Hungary Declares State Of Emergency

Hungarian Prime Minister Viktor Orban

Stefano Costantino/SOPA/zuma


Hungary Prime Minister Viktor Orban has declared a state of emergency due to the war in Ukraine. In a video posted on Facebook, Orban said that the war presented a constant danger to “Hungary, our physical safety, the energy supplies and financial safety of families and the economy.”

This comes after the Hungarian parliament passed a constitutional amendment on Tuesday allowing for legal states of emergency to be declared when armed conflicts, wars or humanitarian disasters were taking place in neighboring countries.

Film By Director Executed In Mariupol To Be Screened At Cannes


Lithuanian filmmaker Mantas Kvedaravičius, who was killed during the siege of Mariupol, will be featured at the Cannes film festival, with footage from the Russian invasion edited into his final feature.

The director of Barzakh (2011), Mariupolis (2016) and Parthenon (2019), was captured and murdered by the Russian army in Mariupol on March 30. Since 2014, Kvedaravičius had focused much of his work on Mariupol, drawn to ts history, where traces of Greek culture were combined with Soviet heritage and new Ukrainian realities.

Soon after the Feb. 24 invasion, Kvedaravičius went to film in Mariupol again, before he was summarily killed. After the death of filmmaker, his producers and collaborators have put together all the footage to make Mariupolis 2, which depicts life continuing amid the bombing and reveals images that convey both tragedy and hope.

If Putin Opts For A Tactical Nuclear Strike

Omer Messinger/ZUMA


The risk of the Kremlin launching a tactical nuclear weapon on Ukraine is small but not impossible, notes Les Echos. The French newspaper looks into what the possible scenarios could be in the wake of such an attack.

“And so what would happen if Putin were to press the button? Let’s think the unthinkable, which is not so unthinkable after all, since he was only a hair's breadth away from setting off nuclear fire on at least three occasions already.

The Russian president presses the red button (which does not exist by the way, instead it is in fact the activation of a code with the help of a bag nicknamed "Tcheget"), to launch a bomb of 2 kilotons on Ukraine.

He would then likely obtain the immediate surrender of Kyiv. How can one imagine that soldiers, as brave as they may be, continue to fight against an adversary determined to kill 40,000 fighters and civilians with just one missile? Not to mention the panic caused by the deadly radiation. This is what led Japan to surrender in only a few hours in August 1945.” (Read more here)

Marks And Spencers Exits Russian Market

Marks and Spencer store in Moscow

commons.wikimedia.org


British retailer Marks and Spencers announced that it will be exiting the Russian market due to the war in Ukraine.

The company had initially announced in early March that it was halting shipments to Russia, but now becomes the latest multinational (after Starbucks and McDonald’s) to have permanently abandoned Russia.

Sale Finalized Of Chelsea By Oligarch Abramovich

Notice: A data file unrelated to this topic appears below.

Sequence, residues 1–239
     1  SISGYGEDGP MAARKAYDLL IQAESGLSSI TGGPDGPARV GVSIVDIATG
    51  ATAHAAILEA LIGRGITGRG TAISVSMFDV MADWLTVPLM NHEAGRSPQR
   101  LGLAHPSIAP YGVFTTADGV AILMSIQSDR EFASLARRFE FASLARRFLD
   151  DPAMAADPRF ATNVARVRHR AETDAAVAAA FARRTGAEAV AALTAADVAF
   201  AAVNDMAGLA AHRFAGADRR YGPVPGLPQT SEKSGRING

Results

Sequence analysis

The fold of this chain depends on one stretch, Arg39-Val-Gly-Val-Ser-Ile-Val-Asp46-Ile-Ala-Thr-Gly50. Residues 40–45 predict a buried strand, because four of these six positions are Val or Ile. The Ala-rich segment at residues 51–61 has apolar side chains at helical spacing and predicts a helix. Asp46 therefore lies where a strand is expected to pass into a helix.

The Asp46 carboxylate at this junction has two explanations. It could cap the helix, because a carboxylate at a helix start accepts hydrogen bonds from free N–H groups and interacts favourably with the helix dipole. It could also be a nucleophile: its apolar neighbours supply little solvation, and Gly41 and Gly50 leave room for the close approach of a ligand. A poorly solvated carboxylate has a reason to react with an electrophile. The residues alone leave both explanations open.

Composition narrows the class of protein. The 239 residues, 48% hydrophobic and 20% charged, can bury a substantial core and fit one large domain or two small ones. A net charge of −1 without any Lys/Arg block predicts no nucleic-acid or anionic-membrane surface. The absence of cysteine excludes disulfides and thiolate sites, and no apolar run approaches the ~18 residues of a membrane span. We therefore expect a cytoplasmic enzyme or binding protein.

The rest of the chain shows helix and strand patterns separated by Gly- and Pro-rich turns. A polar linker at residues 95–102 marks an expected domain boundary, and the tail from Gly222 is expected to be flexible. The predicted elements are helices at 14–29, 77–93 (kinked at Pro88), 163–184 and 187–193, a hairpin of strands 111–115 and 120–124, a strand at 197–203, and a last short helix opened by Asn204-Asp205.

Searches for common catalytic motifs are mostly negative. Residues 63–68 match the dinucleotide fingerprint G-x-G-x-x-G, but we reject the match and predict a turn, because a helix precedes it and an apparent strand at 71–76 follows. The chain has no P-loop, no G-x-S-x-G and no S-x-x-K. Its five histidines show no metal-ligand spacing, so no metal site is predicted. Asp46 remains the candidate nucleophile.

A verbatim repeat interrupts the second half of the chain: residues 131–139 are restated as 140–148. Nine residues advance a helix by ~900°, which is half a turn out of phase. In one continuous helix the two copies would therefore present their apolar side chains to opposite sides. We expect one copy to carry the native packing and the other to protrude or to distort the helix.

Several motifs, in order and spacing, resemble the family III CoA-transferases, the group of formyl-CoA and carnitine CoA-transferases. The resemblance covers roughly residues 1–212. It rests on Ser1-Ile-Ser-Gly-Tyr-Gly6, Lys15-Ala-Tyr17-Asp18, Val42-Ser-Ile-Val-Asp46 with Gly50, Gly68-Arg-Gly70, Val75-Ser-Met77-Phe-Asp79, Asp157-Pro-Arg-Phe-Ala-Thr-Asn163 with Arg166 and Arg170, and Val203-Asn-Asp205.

Chelsea Football Club stadium

commons.wikimedia.org


The UK government has approved the sale of Premier League soccer club Chelsea from Russian oligarch Roman Abramovich after a lengthy delay. The $5 billion takeover bid had been complicated by sanctions placed on Abramovich because of his alleged close links to Putin, which the oligarch denies.

Abramovich has insisted that all net proceeds from the sale would be used “for the benefit of all victims of the war in Ukraine.”

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Geopolitics

Minsk Never More: Lessons For The West About Negotiating With Putin

The longer the war in Ukraine continues, the louder calls will grow for a ceasefire . Stockholm-based analysts explain how the West can reach a viable deal on this: primarily by avoiding strategic mistakes from last time following the annexation of Crimea.

"War is not over" protests in London

Hugo von Essen, Andreas Umland

-Analysis-

Each new day the Russian assault on Ukraine continues, the wider and deeper is the global impact. And so with each day, there is more and more talk of a ceasefire. But just how and under what conditions such an agreement might be reached are wide open questions.

What is already clear, however, is that a ceasefire between Russia and Ukraine must not repeat mistakes made since the open conflict between the two countries began more than eight years ago.

Stay up-to-date with the latest on the Russia-Ukraine war, with our exclusive international coverage.

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Contrary to widespread opinion, the so-called Minsk ceasefire agreements of 2014-2015 were not meant as a definitive solution. And as we now know, they would not offer a path to peace. Instead, the accord negotiated in the Belarusian capital would indeed become part of the problem, as it fueled the aggressive Russian strategies that led to the escalation in 2022.

In early September 2014, the Ukrainian army suffered a crushing defeat at Ilovaisk against unmarked regular Russian ground forces. Fearing further losses, Kyiv agreed to negotiations with Moscow.

The Minsk Protocol (“Minsk I”) – followed shortly thereafter by a clarifying memorandum – baldly served Russian interests. For example, it envisaged a “decentralization” – i.e. Balkanization – of Ukraine. An uneasy truce came about; but the conflict was in no way resolved.